Compare and Contrast Goffman's and Foucaults Explanation of How Social Order Is Made and Remade

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Compare and Contrast Goffman's and Foucaults Explanation of How Social Order Is Made and Remade In: Social Issues
Compare and Contrast Goffman's and Foucaults Explanation of How Social Order Is Made and Remade Introduction
* Whose theories of social order I will be using as the focus of my assignment. (Goffman and Foucault) Main Content
* Goffmans views on what constitutes social order being made and remade through individuals, and how Mondermans’ Thesis relates to how Goffman views social order. * Foucaults’ views on what constitutes social order being made and remade through institutions and how Buchanans’ report relates to how Foucault views social order. * The differences and similarities with Goffman and Foucaults findings. Summary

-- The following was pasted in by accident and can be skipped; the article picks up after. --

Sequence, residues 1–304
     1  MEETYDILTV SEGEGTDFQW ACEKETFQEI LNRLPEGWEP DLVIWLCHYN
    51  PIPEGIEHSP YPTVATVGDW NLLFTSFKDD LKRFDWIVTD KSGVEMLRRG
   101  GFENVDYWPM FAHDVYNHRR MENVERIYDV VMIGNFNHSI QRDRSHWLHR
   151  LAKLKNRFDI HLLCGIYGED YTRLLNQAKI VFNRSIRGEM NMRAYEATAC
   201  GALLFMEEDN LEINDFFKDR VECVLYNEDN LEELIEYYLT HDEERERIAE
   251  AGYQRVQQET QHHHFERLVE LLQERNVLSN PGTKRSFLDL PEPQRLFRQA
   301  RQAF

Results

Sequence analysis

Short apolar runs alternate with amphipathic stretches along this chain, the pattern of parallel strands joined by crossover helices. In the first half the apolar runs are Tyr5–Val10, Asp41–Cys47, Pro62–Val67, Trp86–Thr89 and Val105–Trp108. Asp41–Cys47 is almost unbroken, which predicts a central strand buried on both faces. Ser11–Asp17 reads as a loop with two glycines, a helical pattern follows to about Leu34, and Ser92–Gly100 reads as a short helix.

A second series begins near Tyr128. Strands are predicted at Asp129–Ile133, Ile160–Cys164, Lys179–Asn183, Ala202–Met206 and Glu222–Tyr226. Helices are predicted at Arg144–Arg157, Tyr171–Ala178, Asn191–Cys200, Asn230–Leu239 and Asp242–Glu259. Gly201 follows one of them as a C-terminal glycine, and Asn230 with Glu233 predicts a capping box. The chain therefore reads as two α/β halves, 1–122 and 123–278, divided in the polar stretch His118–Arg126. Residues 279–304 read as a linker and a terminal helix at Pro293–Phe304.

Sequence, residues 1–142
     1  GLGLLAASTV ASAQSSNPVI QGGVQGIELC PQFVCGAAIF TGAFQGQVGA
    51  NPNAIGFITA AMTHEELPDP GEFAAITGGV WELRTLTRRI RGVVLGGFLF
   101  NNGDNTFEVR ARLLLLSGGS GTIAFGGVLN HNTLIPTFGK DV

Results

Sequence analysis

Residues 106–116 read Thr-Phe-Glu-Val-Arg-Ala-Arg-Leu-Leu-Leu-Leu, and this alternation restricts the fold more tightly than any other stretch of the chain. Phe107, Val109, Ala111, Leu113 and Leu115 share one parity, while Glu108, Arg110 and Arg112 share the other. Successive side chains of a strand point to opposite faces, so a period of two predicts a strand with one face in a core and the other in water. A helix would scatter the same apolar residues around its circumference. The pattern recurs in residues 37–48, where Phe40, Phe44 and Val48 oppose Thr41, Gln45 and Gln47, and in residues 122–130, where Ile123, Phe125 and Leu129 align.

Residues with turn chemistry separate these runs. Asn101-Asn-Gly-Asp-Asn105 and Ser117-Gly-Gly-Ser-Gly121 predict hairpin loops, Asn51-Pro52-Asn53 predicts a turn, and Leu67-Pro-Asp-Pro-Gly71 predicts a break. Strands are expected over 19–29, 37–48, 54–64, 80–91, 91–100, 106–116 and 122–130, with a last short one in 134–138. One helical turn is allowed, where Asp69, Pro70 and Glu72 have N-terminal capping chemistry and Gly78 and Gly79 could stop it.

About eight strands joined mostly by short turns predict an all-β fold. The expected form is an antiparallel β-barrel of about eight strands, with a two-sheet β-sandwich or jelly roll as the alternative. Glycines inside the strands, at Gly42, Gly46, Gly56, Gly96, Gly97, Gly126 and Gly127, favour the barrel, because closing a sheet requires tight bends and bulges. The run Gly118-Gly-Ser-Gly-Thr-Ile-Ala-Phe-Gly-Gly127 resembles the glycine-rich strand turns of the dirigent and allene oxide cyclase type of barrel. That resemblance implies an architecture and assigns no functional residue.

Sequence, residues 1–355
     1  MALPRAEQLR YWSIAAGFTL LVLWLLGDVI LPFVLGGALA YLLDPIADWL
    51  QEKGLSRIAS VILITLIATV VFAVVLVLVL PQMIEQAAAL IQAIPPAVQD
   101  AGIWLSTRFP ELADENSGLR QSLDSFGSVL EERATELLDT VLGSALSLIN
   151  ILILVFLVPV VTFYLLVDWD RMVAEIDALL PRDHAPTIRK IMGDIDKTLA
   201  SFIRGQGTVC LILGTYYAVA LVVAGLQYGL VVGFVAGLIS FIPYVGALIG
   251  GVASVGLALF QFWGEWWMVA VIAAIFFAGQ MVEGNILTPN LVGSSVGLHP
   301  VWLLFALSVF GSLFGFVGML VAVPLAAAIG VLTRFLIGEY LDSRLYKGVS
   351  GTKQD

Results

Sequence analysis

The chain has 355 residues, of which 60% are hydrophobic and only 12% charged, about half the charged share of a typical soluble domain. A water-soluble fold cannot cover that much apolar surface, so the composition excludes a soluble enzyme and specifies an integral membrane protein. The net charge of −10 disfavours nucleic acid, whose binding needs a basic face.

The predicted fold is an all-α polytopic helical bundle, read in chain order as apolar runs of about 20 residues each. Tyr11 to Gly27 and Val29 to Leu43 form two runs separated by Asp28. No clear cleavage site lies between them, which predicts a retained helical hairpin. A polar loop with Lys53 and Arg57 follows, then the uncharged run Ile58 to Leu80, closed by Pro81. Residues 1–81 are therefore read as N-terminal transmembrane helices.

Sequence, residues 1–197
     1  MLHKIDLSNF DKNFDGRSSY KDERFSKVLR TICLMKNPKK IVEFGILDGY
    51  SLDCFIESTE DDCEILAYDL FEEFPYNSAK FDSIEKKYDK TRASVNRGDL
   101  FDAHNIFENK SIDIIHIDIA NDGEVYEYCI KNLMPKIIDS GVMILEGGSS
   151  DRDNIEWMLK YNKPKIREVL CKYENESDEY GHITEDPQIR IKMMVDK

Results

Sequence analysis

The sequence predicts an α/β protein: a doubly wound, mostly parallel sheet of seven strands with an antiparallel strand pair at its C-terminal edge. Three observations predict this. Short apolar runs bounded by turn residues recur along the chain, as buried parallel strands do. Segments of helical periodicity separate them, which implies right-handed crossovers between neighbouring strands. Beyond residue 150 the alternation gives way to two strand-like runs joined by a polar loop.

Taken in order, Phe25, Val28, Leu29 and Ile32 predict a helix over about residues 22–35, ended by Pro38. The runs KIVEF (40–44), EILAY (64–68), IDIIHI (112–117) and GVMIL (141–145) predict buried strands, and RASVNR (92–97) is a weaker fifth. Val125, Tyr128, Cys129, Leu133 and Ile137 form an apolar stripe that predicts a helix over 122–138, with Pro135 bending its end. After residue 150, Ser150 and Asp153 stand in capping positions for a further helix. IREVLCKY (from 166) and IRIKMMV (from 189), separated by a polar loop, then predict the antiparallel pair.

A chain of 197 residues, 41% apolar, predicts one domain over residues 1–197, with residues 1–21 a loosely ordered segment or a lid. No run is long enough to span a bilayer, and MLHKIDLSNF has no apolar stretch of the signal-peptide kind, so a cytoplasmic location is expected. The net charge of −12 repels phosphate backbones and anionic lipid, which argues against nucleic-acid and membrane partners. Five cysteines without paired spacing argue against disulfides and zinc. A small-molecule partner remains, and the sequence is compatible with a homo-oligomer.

* Summarise what both theorists have said regarding social order and what I understand about these findings. There are many ways in which social order is produced and maintained. Social scientists are interested in a broader view of society, they look at what leads to problems and the things that need some sort of solution creating to improve them (Reflections on Ordered Lives); I am going to describe how social order is made by using the explanations of Michael Foucault and Erving Goffman, who are social scientists that have attempted to explain how social order is created and where it has come from, I will also be discussing how their views both differ in their approach and how they are similar. I am beginning with Goffmans’ explanations, from the detailed studies he undertook working within the framework of the functions of rituals and order in everyday life; he has tried to show ways in which societies are ordered through multiple performances in contexts such as everyday interactions and where orderliness of encounters come from. He sees social order as being built through the process of building social interactions, which lead to the ordering of social life. His approach is an analytical one of interaction order such as social situations this perspective he has adopted is an analogy of the everyday life and the theatrical, with the theatrical being how individuals display and perform according to the requirements of situations and their roles in it using posture, and body and eye movements. These performances are aimed toward communicating a positive impression, he proposes that in order to understand society we need to understand the way individuals’ actions and interactions are organised (Goffman cited by Silva, 2009, p318-319). Goffman explains disorder in society as something being broken or breached and this is something that gets repaired in the flow of interactional order by people in society. He believes that when order becomes broken or disrupted people generally manage to negotiate between themselves to restore it which would lead to people performing differently and new forms of coordination becoming ways to keep order based on new rules and practices that continually arise (Learning Companion 2). Such as the way we use our vehicles on the road, it requires social coordination that configures a particular way of ordering behaviour and interaction but one that people are often not aware of (Online Activity 23). For example the way we negotiate driving without thinking, like when we stop to let people out, how we acknowledge someone who has done this, or how we flash our lights to let another driver know something is wrong, these are not set laws but it is something that a lot of motorists have adapted when driving which is known as road etiquette (www.squidoo.com). When studying Mondermans Thesis I have found some of his findings to be similar to Goffmans for example his thesis shows that the best way for pedestrians and vehicles to work best together is to remove roadside markings and warnings, which he has called ‘psychological traffic calming’ the aim of this being pedestrians and motorists to negotiate the use of the road. Like Goffman he feels that this would be more...
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